How to Analyze Employee Survey Results

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What to work on post-survey employee results

Congratulations on completing your recent employee engagement survey! Getting employee feedback is the first step towards creating a high-trust, high-performing organization.

Now it’s time to:

  • Make sense of your data
  • Conduct listening sessions
  • Decide what focus areas you want to improve on

Focusing on the areas that have the most impact on company culture will increase the likelihood of seeing a tangible ROI. But how do you know which areas those are?

Over the past 11+ years, I’ve worked with hundreds of companies who have used our Trust Index™ employee survey to get feedback and change their cultures. Here’s what I’ve learned about identifying which areas will be most (and least) impactful as you work toward meaningful culture change.

Don’t get distracted by your lowest scoring areas

It may seem counterintuitive, but one of the least effective approaches a company can take is to simply focus on the areas with the lowest scores.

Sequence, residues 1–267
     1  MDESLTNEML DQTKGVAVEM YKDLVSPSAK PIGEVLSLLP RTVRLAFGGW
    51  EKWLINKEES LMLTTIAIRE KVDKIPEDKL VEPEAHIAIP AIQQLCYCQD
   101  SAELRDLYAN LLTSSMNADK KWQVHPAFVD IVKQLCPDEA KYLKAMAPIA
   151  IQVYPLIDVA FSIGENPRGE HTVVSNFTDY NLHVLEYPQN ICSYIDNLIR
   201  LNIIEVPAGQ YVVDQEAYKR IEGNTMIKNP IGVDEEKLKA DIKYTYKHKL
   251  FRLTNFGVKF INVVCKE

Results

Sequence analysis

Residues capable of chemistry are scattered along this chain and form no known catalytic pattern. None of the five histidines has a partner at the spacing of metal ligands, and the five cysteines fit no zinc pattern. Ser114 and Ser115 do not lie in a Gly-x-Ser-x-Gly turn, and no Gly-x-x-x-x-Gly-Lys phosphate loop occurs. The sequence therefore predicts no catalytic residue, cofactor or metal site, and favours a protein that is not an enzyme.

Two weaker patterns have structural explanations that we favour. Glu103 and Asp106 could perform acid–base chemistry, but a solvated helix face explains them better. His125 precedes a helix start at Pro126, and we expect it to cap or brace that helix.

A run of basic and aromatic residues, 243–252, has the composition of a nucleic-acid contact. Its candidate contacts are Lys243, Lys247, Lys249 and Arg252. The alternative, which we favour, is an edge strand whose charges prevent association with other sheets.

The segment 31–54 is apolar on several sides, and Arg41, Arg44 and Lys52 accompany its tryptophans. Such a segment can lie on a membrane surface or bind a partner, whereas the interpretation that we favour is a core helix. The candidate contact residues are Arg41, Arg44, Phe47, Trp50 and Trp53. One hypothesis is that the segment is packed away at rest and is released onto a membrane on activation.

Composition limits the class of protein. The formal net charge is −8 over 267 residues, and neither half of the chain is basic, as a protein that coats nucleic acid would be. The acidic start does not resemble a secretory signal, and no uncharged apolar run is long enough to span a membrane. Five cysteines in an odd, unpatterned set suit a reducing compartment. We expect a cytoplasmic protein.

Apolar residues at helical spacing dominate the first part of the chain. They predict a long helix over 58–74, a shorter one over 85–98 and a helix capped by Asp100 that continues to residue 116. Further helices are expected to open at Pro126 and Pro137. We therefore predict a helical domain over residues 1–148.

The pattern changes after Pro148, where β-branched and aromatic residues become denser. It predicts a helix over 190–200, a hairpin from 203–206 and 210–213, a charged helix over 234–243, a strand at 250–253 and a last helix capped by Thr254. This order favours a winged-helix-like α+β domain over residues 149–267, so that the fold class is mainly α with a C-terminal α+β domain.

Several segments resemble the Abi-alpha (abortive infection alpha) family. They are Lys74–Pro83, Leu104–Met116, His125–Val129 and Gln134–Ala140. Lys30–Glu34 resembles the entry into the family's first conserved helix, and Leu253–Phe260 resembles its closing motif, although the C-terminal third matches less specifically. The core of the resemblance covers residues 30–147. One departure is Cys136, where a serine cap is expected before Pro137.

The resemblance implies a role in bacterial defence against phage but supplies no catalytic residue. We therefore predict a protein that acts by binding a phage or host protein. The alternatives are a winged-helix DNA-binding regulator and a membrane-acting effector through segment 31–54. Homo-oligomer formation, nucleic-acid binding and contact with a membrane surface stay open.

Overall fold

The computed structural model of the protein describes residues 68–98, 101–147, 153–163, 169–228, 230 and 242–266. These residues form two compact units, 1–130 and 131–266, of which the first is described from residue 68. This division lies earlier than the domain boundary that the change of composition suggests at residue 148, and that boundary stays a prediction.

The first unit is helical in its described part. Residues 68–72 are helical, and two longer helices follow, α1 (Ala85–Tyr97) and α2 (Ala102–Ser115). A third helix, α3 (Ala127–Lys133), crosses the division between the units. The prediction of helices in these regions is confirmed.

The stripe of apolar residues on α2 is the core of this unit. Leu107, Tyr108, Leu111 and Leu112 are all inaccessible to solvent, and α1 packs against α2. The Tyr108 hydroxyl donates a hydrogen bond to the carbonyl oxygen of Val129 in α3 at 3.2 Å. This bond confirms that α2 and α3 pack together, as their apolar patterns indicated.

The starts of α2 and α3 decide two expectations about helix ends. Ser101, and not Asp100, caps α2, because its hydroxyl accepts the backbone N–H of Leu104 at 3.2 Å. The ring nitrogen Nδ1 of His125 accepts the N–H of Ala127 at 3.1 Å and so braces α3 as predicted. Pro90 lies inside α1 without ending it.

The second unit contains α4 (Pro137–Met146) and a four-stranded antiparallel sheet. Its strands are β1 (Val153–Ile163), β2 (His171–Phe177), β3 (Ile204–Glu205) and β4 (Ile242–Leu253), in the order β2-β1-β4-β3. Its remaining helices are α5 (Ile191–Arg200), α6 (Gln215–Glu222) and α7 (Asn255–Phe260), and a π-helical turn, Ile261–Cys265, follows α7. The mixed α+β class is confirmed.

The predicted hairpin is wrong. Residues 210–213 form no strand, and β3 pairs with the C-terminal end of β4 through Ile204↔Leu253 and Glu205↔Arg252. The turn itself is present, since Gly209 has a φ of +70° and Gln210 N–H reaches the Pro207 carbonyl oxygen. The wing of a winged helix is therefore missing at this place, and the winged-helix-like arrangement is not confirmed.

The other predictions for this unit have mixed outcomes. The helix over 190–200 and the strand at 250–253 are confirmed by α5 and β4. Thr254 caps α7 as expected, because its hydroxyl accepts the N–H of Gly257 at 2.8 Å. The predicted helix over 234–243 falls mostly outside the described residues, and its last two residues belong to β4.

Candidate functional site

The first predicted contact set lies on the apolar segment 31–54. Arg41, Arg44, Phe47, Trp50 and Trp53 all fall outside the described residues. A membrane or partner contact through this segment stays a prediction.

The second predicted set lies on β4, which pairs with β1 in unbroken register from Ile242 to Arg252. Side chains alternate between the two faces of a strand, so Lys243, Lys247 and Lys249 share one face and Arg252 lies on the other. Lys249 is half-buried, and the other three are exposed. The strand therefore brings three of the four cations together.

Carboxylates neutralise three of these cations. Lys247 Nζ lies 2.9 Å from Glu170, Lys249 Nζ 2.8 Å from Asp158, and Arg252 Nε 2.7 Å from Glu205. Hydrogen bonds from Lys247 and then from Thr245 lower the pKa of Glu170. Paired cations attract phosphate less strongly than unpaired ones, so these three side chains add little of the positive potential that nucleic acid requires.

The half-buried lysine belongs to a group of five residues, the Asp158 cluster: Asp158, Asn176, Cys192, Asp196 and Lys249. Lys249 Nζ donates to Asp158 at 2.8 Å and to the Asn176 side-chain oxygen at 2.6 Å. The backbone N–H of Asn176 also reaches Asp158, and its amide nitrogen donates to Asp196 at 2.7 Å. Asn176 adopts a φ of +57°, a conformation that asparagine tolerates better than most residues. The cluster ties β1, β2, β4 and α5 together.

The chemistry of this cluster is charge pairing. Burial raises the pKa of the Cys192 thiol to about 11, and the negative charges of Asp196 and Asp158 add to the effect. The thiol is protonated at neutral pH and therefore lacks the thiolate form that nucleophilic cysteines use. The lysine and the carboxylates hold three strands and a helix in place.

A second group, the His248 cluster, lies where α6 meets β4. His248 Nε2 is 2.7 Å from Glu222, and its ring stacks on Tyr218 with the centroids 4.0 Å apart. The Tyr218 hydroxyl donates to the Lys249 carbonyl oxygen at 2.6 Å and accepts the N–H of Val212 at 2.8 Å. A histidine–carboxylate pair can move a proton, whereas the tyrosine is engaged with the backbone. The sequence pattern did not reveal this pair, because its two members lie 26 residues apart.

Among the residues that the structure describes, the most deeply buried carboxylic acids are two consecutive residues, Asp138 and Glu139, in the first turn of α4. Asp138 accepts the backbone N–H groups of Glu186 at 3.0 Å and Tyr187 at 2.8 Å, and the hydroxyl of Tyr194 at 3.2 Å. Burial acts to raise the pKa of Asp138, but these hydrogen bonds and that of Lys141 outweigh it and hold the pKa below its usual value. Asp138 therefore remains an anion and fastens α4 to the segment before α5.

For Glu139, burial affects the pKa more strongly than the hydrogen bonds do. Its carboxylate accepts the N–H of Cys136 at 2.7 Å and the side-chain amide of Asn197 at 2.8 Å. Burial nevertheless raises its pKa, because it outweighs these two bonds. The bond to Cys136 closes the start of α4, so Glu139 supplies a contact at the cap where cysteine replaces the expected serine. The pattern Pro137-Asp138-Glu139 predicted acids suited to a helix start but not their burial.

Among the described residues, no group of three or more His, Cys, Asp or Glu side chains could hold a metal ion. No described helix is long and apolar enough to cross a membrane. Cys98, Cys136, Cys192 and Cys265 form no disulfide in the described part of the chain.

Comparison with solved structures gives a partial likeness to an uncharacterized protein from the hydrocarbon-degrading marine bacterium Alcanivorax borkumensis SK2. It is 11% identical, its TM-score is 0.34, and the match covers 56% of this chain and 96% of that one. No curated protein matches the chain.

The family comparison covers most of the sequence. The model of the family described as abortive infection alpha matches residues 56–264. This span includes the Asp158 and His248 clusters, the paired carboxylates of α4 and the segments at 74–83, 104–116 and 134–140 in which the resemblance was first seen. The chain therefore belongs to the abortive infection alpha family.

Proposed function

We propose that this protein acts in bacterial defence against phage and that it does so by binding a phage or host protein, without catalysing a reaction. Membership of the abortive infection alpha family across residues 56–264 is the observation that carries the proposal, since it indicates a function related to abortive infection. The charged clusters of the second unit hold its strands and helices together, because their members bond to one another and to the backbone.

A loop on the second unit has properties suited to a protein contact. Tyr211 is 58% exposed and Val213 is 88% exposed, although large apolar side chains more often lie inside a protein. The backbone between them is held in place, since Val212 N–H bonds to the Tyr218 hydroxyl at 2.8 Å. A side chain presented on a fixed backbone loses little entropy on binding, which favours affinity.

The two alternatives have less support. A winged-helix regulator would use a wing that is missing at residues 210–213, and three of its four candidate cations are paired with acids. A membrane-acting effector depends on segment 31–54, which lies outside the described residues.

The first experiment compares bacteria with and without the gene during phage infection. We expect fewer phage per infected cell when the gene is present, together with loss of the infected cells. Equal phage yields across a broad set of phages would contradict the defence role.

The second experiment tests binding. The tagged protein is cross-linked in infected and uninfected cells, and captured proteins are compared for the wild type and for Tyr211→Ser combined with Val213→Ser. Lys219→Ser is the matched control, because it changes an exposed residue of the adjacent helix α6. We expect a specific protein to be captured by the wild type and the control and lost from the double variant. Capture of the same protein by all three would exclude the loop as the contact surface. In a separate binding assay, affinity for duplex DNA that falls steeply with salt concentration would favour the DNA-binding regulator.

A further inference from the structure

Across companies, employees tend to be most critical about the same topics, including employees at the Fortune 100 Best Companies to Work For®:

  • Fair compensation
  • Favoritism
  • Fair promotions
  • Workplace politics

These areas often get the lowest satisfaction marks from employees, regardless of company size or industry.

Low scores in these areas should really only be a focal point if they’re low compared to an industry benchmark.

One way to benchmark your employee experience is to compare it against the Fortune 100 Best by using our Trust Index. You may find that what seems like a low score to you is in fact better than many other companies’ scores.